Canada’s history is being rewritten — online, at least — in terms so crude, it could make any Canunk blush with a patriotic tinge.
On his late-night TV show this week, satirist Stephen Colbert took aim at Canadian magazine The Beaver, which announced last month it was changing its moniker after 90 years because some search engines were weeding it out, believing it was pornography due to its name.
The Winnipeg-based publication is rebranding itself as the less suggestive Canada’s History, starting in April.
But what Canadians don’t know, the comedian joked Thursday on The Colbert Report, is in America “Canada’s history” is a euphemism “for a sex act so depraved,” it can’t be described on television.
The unspeakable act, apparently, “involves moose antlers, a jug of maple syrup and the Stanley Cup.”
The comedian then invited his audience — often referenced as the Colbert Nation for their willingness to help with his pranks — to “redefine Canada’s history in the most jaw-dropping terms imaginable,” on urbandictionary.com, a Wikipedia-like web page that allows users to submit definitions for words and slang.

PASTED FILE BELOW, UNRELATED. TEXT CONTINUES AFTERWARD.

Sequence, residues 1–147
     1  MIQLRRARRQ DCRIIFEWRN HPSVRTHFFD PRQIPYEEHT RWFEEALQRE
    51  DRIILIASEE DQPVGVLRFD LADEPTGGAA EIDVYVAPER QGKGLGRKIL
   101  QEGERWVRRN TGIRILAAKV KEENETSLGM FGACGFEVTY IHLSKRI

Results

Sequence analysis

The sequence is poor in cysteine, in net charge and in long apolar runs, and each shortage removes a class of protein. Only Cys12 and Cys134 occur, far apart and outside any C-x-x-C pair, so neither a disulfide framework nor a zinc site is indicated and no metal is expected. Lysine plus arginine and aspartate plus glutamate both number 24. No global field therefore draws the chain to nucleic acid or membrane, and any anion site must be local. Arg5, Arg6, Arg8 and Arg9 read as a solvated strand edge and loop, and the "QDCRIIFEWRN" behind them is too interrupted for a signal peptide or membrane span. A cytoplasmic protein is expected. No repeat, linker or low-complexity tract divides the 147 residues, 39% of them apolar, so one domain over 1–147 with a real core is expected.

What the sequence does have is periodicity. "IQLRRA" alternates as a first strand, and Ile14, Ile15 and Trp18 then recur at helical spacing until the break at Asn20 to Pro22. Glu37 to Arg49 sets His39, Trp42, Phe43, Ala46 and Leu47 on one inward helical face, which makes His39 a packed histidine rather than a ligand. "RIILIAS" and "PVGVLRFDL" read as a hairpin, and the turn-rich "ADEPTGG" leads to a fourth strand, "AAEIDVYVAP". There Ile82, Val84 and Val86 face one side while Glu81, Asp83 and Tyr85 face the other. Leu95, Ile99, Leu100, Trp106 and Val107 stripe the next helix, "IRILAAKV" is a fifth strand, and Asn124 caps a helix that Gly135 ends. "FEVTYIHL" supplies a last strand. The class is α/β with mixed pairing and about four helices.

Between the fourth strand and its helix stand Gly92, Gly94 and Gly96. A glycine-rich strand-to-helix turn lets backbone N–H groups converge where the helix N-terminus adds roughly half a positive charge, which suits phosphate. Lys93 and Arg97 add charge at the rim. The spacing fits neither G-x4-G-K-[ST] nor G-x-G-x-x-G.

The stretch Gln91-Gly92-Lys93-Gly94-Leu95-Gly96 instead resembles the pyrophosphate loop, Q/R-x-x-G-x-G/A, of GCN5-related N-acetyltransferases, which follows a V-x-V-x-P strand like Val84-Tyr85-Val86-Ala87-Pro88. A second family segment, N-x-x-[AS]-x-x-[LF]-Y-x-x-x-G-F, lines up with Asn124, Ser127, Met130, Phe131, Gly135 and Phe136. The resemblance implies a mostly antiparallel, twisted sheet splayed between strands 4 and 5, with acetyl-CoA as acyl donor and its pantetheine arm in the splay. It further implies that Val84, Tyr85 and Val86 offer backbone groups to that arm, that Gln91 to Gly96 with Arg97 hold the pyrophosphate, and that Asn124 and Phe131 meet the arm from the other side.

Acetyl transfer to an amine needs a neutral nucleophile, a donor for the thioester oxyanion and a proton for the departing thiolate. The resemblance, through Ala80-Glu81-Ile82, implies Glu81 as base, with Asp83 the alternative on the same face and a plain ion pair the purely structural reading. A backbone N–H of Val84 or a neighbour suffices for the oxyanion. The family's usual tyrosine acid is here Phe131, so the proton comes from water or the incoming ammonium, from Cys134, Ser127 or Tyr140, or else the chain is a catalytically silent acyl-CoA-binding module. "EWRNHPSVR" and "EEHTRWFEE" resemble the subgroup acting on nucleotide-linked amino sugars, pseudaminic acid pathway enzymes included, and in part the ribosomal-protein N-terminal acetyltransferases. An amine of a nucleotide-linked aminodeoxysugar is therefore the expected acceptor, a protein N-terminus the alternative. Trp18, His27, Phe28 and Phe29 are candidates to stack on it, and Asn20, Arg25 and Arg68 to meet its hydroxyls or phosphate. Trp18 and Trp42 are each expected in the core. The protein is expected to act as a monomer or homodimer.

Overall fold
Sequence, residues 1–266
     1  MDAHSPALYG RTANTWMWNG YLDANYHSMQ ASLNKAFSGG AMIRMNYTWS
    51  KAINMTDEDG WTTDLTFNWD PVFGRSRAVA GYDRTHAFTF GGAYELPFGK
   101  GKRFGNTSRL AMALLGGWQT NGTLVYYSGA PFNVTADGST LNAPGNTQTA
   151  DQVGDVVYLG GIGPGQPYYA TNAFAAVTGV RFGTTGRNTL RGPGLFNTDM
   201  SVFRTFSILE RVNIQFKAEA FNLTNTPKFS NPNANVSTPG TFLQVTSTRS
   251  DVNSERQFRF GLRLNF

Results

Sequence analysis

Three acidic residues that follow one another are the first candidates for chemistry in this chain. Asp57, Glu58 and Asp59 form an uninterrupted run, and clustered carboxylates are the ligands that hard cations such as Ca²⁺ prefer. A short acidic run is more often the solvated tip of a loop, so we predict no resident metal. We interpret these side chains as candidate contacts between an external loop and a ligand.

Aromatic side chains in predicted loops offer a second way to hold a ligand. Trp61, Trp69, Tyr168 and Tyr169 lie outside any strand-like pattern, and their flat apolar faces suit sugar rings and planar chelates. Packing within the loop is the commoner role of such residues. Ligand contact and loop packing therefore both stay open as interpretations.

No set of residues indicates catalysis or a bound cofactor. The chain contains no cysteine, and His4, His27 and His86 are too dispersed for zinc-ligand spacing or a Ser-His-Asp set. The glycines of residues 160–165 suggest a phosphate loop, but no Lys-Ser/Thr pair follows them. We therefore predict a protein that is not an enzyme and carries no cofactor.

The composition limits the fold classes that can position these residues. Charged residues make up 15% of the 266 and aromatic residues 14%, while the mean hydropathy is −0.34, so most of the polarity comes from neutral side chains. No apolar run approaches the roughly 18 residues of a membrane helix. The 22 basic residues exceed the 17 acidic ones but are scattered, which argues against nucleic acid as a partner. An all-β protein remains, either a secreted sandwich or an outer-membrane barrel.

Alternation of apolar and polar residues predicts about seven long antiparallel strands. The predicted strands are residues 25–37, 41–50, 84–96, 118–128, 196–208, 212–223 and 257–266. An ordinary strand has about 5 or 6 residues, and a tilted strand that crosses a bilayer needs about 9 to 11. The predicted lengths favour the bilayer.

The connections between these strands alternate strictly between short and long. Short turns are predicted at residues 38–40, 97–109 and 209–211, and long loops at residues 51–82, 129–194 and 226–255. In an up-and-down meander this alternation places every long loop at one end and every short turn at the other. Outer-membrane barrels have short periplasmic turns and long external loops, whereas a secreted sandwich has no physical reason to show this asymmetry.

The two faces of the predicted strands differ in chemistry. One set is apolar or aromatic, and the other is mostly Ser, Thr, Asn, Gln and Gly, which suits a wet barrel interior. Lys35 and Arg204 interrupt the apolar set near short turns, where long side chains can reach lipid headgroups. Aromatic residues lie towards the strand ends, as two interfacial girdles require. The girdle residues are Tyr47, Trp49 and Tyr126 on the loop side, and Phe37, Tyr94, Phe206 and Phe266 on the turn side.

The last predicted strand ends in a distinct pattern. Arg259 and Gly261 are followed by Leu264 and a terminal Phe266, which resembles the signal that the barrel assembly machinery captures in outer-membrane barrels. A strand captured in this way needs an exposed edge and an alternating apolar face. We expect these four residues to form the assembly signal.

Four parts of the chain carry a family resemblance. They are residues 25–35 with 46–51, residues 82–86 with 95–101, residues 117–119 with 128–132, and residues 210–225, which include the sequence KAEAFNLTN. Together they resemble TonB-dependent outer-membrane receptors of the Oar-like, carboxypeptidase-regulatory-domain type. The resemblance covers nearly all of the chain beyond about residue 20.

“Just put everything in there,” said Colbert, who mocking portrays a conservative pundit on his show.
“Putting everything in there, by the way, is the hardest part of performing Canada’s history.”
Thirty-six hours later, there were 521 listed entries — each with increasingly vulgar descriptions that use more Canadian cliches than a Kids in the Hall skit.
This isn’t the first time Colbert has taken a slapshot or two at Canada. He’s responsible for dubbing us “syrup suckers,” “iceholes,” and “Saskatche-whiners,” after the U.S. speedskating team couldn’t secure ice time for training at Vancouver’s Olympic Oval.
And in June 2008, when CBC announced it wouldn’t renew the contract for the Hockey Night in Canada theme song, Colbert declared “Bad move, Canada!” saying he would license the iconic “Dunt-da DUNT-da-dunt” to be played while doing very “American” things.
“I’m going to play it when doing things like punching beavers in the face,” he quipped.
But Colbert and his fan base may not be the only ones getting their digs in with this most recent effort — one entry describes the U.S. version of the unspeakable deed “A night with Sarah Palin.”